Volvo Recalls More Than 200,000 Cars to Fix Fuel Leak Issue

January 23, 2019 Updated: January 23, 2019

STOCKHOLM—Volvo Cars, which is owned by China’s Zhejiang Geely Holding Group, is voluntarily recalling about 200,000 cars after it found an engineering issue that could potentially cause fuel leakage in the engine compartment over time.

The group said its investigation had identified that some vehicles may have small cracks inside one of the fuel lines in the engine compartment, which, along with a pressurized fuel system, may over time lead to fuel leakage.

About 219,000 cars of 11 different models produced in 2015 and 2016 are affected, the Swedish company said, with the highest number of affected cars in Sweden, the UK, and Germany. The Swedish recall was first reported by daily newspaper Aftonbladet.

Volvo V 60 is displayed
Volvo V 60 is displayed at the 88th Geneva International Motor Show in Geneva, Switzerland, on March 6, 2018. (Robert Hradil/Getty Images)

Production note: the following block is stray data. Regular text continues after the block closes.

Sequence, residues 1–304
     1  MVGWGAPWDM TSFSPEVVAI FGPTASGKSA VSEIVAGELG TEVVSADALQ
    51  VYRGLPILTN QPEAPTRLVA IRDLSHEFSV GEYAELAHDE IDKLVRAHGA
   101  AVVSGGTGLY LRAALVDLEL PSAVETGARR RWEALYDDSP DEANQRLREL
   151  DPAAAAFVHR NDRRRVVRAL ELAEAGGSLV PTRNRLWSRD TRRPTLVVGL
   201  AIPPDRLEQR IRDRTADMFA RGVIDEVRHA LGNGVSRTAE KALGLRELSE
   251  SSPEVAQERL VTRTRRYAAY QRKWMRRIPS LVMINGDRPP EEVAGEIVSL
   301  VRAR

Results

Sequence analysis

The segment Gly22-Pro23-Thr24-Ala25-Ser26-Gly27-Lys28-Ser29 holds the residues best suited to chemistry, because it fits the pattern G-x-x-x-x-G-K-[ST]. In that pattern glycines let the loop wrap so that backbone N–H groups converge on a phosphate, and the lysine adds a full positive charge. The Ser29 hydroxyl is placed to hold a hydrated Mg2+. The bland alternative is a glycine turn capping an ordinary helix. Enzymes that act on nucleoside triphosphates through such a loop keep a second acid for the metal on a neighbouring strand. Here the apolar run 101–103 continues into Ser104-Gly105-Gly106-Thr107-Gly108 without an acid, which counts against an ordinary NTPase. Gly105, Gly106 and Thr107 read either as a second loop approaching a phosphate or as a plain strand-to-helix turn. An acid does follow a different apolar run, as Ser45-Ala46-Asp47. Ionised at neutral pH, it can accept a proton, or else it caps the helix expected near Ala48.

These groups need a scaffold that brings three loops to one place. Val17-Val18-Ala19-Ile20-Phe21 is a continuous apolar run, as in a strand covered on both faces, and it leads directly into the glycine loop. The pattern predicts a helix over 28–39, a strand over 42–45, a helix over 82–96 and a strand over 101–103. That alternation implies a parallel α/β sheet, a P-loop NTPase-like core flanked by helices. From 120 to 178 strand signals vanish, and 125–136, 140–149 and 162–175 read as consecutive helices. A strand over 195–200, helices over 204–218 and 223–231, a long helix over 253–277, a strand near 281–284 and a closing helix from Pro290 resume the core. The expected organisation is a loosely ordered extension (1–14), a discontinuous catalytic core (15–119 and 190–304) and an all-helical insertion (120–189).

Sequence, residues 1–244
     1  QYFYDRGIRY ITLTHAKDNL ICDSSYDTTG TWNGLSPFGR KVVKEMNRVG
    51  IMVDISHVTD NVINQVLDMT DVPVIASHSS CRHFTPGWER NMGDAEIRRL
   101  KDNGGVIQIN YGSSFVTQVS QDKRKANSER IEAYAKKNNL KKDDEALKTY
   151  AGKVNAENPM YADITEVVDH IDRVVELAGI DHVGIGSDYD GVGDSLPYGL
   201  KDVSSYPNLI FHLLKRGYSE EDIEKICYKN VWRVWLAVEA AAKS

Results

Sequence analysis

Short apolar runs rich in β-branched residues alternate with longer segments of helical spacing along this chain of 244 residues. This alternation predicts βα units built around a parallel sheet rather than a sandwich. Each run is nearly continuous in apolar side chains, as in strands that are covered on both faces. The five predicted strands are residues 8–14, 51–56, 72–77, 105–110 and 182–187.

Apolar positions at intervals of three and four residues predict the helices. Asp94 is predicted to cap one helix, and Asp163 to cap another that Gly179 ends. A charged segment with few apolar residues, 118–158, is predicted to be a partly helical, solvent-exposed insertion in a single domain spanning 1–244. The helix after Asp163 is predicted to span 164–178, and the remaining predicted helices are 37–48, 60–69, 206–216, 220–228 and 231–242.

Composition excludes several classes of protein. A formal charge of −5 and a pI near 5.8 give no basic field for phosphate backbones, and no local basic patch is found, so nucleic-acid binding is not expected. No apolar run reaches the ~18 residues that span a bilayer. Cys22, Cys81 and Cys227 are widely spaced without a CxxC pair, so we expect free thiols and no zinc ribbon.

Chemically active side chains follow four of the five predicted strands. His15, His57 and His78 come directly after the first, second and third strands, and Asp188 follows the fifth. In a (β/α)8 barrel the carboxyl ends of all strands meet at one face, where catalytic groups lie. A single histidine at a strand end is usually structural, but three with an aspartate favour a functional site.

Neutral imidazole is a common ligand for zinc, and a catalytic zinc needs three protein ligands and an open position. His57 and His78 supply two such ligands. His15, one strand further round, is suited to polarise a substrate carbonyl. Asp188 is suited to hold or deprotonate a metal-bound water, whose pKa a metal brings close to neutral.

Volvo sold 503,127 cars in 2015 and 534,332 cars in 2016.

“There are no reports alleging injuries or damages related to this issue. Volvo preventatively recalls the cars to avert any possible future problems,” Volvo said in its statement.

The company’s fortunes have been revived since Geely bought it in 2010 and its popular new premium models now compete with larger rivals Daimler and Volkswagen. It sold a record 642,253 cars in 2018.

However, a prolonged U.S.-China trade war has inflated raw materials costs and resulted in a slowdown in Chinese demand for cars. That has forced Volvo to spend to retool its global factories to limit the negative tariff impact and led it to postpone indefinitely its plans to go public.

This month, Geely Auto, the main listed unit of the Geely empire that owns Volvo, forecast flat sales this year, as China’s most successful carmaker struggles with slowing economic growth and more cautious consumers.

A Volvo spokesman declined to comment Jan. 23 about the cost of the latest recall.

The company made its largest recall ever in 2004, when it called back 460,000 cars to fix the wiring in an electronic control module for the cars’ main cooling fan.

By Esha Vaish

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